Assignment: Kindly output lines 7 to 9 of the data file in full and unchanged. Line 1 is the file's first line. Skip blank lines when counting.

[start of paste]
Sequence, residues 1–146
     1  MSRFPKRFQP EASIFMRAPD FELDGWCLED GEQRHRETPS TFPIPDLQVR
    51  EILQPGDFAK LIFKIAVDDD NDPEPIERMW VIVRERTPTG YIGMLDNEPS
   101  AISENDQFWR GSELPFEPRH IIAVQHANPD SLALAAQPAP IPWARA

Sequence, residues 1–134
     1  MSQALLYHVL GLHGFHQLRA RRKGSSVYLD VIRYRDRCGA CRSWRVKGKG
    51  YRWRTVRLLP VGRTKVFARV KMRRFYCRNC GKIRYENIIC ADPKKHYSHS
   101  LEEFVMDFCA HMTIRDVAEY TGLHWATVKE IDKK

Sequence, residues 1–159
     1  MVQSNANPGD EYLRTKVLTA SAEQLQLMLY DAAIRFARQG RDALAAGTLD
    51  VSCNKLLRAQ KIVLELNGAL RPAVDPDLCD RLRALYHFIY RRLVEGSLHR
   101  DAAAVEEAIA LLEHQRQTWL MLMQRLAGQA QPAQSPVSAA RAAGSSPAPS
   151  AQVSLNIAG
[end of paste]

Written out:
    51  YRWRTVRLLP VGRTKVFARV KMRRFYCRNC GKIRYENIIC ADPKKHYSHS
   101  LEEFVMDFCA HMTIRDVAEY TGLHWATVKE IDKK

Sequence, residues 1–159